Another day in Dali was spent at Zhong He temple which is perched high on the mountainside overlooking the town. I didn't fancy the one hour walk, my legs were still knackered after the long bike ride, so i took the chair lift which slowly ascended over the dense pine-forest covered hills. The views were stunning. I sat on a small terrace drinking green tea and admiring the deep blue of Lake Erhai Hu (China's seventh largest) and the surrounding patchwork of green fields and white villages.

The temple was small and not overly impressive, but it was my first experience of a temple dedicated to Tao, a complex and ambigious mix of religious and philosophical thought. The building, spread over three layers, was decorated with Yin and Yang symbols, dragons and colourful carved woodwork. Monks dressed in black robes tended to the shrines. One of them beckoned me to the main room, gave me some incense sticks and made me stand in front of a red-faced statue. He struck a gong three times as i bowed. Finally my name and birthdate was entered in a log book and i offered a donation. All for good luck apparently.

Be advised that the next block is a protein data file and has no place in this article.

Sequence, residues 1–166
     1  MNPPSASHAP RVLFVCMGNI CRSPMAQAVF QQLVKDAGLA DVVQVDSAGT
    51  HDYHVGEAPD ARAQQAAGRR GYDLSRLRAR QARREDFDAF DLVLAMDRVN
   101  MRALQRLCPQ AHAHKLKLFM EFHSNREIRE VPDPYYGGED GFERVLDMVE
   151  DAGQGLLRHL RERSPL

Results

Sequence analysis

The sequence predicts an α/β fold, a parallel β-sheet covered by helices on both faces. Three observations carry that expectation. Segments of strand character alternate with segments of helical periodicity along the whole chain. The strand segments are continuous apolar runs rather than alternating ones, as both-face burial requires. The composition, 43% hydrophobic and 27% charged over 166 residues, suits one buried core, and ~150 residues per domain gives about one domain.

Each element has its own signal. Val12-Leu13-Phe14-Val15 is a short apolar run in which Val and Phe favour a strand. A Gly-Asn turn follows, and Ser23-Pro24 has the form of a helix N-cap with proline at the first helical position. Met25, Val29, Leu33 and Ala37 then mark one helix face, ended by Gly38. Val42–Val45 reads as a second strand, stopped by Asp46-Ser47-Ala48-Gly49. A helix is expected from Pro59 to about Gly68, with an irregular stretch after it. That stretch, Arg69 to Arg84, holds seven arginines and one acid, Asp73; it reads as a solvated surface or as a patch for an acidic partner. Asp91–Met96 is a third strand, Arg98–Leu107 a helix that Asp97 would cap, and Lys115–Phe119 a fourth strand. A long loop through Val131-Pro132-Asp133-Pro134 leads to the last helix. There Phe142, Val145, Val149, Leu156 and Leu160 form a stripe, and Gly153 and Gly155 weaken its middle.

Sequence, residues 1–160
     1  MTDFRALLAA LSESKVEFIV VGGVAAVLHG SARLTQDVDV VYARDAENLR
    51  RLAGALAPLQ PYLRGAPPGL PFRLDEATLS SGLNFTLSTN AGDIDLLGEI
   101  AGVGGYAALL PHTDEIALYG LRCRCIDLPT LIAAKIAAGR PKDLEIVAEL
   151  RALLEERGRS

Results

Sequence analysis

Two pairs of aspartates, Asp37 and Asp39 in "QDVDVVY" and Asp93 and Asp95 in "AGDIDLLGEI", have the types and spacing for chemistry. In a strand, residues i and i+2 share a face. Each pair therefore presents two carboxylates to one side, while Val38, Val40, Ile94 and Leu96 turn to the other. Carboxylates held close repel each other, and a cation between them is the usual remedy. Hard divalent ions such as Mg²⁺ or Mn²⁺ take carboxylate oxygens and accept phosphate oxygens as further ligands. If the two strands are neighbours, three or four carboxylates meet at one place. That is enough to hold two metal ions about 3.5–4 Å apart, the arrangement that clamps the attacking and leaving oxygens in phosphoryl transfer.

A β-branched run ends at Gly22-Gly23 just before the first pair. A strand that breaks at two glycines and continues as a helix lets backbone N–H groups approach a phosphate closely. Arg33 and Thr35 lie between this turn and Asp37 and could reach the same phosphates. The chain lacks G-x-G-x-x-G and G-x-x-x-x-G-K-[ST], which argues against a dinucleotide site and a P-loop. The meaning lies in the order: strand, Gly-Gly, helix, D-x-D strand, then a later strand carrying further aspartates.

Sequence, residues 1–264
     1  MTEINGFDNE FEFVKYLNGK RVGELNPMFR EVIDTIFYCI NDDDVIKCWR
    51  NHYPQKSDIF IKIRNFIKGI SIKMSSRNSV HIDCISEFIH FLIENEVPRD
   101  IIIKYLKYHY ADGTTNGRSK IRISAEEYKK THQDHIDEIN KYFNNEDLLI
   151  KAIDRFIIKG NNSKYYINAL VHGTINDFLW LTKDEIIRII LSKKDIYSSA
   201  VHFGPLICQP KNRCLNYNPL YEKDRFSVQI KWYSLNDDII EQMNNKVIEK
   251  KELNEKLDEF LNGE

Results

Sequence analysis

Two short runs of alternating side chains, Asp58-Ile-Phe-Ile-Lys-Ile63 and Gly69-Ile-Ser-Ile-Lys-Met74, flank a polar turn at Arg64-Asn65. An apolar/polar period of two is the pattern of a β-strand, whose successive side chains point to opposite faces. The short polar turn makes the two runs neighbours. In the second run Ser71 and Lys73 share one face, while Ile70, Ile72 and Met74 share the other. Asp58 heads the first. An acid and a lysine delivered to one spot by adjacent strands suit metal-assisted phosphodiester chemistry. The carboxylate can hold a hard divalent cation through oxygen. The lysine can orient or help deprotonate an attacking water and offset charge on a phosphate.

My final day of sightseeing was spent at the Shaping Market, a weekly meeting of Bai locals from the surrounding villages. Most people do a tour from Dali but i didn't want to be restricted by time, so i took a local bus. All the hustle and bustle takes place on a low hill at the base of the mountain range. Stalls were placed around the hill and some old stone ruins. The market was a wonderfully colourful spectacle; an authentic insight into Bai society and fashion. While the men wore indistinct shirts and trousers, the women were dressed in their best livery, a variety of ethno-cultural clothes in lurid colours, dense patterns and elaborate headgear. You can never have to many pairs of green sequined trousers i always say.

Most of the people were here to buy food for the week; huge bags of dried noodles, fresh vegetables and fruit, live chickens, mounds of dried red chillis and piles of spices which filled the air with pungent smells. But it was also possible to buy clothes, blankets, books, cooking utensils and colourful batiques that the Bai are renowned for. For those with tooth-ache a dentist had conventiently set up a chair and mirror in the middle of all the chaos. I spotted an english copy of Mao's little red book. I snapped it up, along with an original chinese version - it's the ultimate tourist item from China.